Biosynthesis of lovastatin proceeds via dihydromonacolin L (acid form 1; lactone form 2), a product made by the HR-IPKS, LovB (Lovastatin Nonaketide Synthase), with assistance of a separate enoyl reductase, LovC (8) (Fig. 1). LovB is a 335 kDa protein that contains single copies of ketosynthase (KS), malonyl-CoA:ACP acyltransferase (MAT), dehydratase (DH), methyltransferase (MT), ketoreductase (KR), acyl-carrier protein (ACP) domains and a section that is homologous to the condensation (CON) domain found in Nonribosomal Peptide Synthetases (NRPSs) (9). It also contains a domain that resembles an enoyl reductase (ER) but lacks that activity. LovB must catalyze ~35 reactions and use different permutations of tailoring domains after each of the eight chain extension steps to yield the nonaketide, dihydromonacolin L 2. This enzyme also catalyzes a biological Diels Alder reaction during the assembly process to form the decalin ring system (10). In vitro studies of LovB (11) have been hampered by inability to obtain sufficient amounts of the functional purified megasynthase from either A. terreus or heterologous Aspergillus hosts. As a result, the programming that governs metabolite assembly by LovB or other HR-IPKSs is not understood. Key aspects that remain to be elucidated include: 1) the catalytic and structural roles of each domain in the megasynthase; 2) substrate specificities of the catalytic domains and their tolerance to perturbation in megasynthase functions; and 3) factors governing the choice of different combinations of domains during each iteration of catalysis. To initiate such studies, we engineered an expression system in yeast to produce large amounts of LovB and examined the influence of cofactors and the enoyl reductase partner (e.g. LovC) on product formation.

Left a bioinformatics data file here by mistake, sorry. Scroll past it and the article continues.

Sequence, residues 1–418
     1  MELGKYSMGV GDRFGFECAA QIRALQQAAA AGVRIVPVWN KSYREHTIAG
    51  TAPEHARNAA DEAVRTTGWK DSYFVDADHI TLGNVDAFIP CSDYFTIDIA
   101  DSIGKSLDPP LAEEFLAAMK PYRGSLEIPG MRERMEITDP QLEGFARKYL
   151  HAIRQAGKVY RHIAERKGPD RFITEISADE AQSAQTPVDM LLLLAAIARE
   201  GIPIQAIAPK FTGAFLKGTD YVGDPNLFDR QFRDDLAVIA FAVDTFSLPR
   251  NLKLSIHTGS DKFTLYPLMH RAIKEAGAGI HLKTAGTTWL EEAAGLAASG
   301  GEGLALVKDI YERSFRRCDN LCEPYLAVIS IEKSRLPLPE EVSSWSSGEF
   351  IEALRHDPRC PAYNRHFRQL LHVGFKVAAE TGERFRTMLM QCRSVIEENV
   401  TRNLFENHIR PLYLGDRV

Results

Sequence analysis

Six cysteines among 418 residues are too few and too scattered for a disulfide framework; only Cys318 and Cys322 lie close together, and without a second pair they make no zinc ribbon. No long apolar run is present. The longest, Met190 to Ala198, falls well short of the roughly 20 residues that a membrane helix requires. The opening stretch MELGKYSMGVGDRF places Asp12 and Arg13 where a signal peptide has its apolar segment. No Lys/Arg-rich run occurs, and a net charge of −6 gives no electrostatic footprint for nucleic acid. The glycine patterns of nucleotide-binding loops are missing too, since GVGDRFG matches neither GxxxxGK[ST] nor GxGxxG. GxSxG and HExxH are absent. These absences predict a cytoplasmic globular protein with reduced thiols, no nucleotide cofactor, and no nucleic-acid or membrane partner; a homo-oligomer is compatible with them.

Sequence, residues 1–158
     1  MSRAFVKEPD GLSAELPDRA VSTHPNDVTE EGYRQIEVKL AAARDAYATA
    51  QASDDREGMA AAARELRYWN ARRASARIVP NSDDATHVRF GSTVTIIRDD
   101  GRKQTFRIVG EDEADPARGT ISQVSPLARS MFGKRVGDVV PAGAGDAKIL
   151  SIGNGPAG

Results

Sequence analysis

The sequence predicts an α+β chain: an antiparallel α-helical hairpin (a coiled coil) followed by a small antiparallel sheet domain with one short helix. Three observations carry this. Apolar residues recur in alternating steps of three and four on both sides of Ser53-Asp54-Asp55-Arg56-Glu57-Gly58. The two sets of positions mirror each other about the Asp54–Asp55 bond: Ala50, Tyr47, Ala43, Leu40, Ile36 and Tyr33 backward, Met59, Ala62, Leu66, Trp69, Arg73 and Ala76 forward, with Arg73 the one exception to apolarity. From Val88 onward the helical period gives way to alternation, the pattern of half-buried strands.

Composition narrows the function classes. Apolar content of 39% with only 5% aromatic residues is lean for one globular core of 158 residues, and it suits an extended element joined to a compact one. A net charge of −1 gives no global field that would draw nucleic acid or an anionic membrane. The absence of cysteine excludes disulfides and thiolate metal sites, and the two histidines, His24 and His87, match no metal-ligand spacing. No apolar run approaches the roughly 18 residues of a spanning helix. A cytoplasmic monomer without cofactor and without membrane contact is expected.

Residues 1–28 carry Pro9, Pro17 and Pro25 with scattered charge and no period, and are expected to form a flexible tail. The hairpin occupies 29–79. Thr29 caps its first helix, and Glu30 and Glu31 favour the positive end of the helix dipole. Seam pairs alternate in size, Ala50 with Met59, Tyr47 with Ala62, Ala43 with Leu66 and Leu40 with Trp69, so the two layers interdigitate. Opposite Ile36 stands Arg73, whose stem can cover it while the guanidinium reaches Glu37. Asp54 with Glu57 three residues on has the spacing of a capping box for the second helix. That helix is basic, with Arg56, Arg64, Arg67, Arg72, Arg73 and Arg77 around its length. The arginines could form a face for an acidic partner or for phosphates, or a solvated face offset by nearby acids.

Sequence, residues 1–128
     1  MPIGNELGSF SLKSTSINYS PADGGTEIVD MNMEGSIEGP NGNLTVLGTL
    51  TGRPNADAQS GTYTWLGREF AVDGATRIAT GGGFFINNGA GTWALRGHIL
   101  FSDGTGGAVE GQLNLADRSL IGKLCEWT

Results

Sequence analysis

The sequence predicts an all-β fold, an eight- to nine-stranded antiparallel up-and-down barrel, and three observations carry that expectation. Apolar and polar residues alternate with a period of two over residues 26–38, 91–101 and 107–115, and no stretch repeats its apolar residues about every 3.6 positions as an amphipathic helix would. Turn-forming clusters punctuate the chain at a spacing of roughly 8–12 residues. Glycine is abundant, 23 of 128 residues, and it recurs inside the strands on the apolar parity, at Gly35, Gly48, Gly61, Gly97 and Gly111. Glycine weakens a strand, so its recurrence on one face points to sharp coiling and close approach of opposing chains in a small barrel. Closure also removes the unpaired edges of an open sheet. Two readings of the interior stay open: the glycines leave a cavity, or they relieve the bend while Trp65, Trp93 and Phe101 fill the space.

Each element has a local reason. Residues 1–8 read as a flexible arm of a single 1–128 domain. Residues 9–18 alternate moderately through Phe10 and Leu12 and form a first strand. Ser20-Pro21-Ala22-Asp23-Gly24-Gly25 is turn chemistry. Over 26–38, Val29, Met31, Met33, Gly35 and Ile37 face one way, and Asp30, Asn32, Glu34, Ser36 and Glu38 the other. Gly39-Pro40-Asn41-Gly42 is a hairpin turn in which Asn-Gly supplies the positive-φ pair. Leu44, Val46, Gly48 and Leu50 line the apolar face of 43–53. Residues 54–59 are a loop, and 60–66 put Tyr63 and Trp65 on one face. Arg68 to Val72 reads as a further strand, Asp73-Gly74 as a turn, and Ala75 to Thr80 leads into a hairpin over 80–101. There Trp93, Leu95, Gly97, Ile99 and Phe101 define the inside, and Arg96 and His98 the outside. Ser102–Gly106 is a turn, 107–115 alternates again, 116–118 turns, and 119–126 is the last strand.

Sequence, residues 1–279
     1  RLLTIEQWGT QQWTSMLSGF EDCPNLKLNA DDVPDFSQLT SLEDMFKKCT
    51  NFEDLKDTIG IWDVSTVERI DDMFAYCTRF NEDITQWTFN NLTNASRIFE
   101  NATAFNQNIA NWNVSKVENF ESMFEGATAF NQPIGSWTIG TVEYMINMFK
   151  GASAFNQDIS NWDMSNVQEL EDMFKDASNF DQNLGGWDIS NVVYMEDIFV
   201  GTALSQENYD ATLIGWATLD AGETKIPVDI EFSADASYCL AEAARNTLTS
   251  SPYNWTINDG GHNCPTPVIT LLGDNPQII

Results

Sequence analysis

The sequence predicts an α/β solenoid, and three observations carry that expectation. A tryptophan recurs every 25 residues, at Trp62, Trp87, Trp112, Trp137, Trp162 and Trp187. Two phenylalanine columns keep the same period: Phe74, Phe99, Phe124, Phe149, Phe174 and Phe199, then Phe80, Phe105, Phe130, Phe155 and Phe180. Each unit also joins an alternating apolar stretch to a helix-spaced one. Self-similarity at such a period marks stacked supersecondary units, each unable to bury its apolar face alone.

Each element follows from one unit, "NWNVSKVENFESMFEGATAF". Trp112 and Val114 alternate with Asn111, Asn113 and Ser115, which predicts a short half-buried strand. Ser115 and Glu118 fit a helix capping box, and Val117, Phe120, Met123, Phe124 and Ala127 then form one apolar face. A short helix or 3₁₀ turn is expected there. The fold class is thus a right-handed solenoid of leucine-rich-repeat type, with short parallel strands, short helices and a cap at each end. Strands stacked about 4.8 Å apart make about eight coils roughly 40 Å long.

The engineered Saccharomyces cerevisiae strain BJ5464-NpgA, which contains a chromosomal copy of the Aspergillus nidulans phosphopantetheinyl (ppant) transferase gene npgA (12), was the expression host. A C-terminus hexahistidine tagged LovB was placed under the control of the S. cerevisiaeADH2 promoter (13, 14) on an episomal plasmid (YEplovB-6His). Significant amounts of the intact LovB could be purified from the soluble fraction to near homogeneity with a final yield of ~ 4.5 mg/L (Fig. S1). The identity of the recombinant LovB was verified using mass analysis of tryptic digest fragments. The ACP domain of LovB was determined to be nearly completely phosphopantetheinylated by using a ppant ejection assay with high resolution Q-TOF mass spectrometry (Fig. S2). To ascertain activity of the resulting LovB and to examine the necessity for cofactors, malonyl-CoA alone was first added to the purified enzyme in buffer. Whole cell feeding studies of doubly [13C, 2H]-labeled acetate to cultures of A. terreus showed that all three acetate hydrogens were incorporated into the acetate-derived starter units for both the nonaketide and diketide moieties in lovastatin (15). Interestingly, the purified LovB can use malonyl-CoA for both chain priming and chain elongation, loading malonate with decarboxylation to make the acetyl starter unit. While LovB is able to prime with, and elongate the chain by two further condensations with malonyl-CoA, in the absence of NADPH no ketoreduction occurs. The dominant product is lactone 3 (Fig. 2A, trace i), which forms by enolization and cyclization with off-loading of the unreduced triketide. Addition of NADPH to this system enables function of the KR domain. In this and subsequent experiments, the malonyl-CoA could be conveniently synthesized in situ by malonyl-CoA synthase (MatB) from Rhizobium trifolii using free malonate and coenzyme A (16). With KR enabled, LovB makes penta-, hexa- and heptaketide pyrones 4-6 as well as ketones 7 and 8 (Fig. 2A, trace ii). The structures were confirmed by chemical synthesis of authentic standards except for heptaketide 6, which proved very unstable. However, the mass increase of 26 amu for 6 and its red shift in the UV spectrum when compared to 5 are consistent with its proposed heptaketide pyrone structure (Table S3). Compounds 7 and 8 result from thioester hydrolysis of penta- and hexaketides stalling on the ACP at the β-keto stage. The resulting β-keto acids spontaneously decarboxylate to afford 7 and 8. Formation of 4-8 illustrates that derailment in the normal programmed steps, namely lack of methylation due to absence of S-adenosylmethionine (SAM), stalls chain elongation and promotes off-loading from the ACP. This occurs either by addition of two acetate units without reduction followed by pyrone formation (4-6, major route) or by addition of one acetate unit and hydrolysis/decarboxylation of the shunt intermediates (7-8, minor route) (Fig. 2B). In either case the shut-down of chain elongation and reductive processing is not absolute: LovB is able to create longer homologs (i.e. 5, 6, 8) after failure of methylation at the tetraketide stage.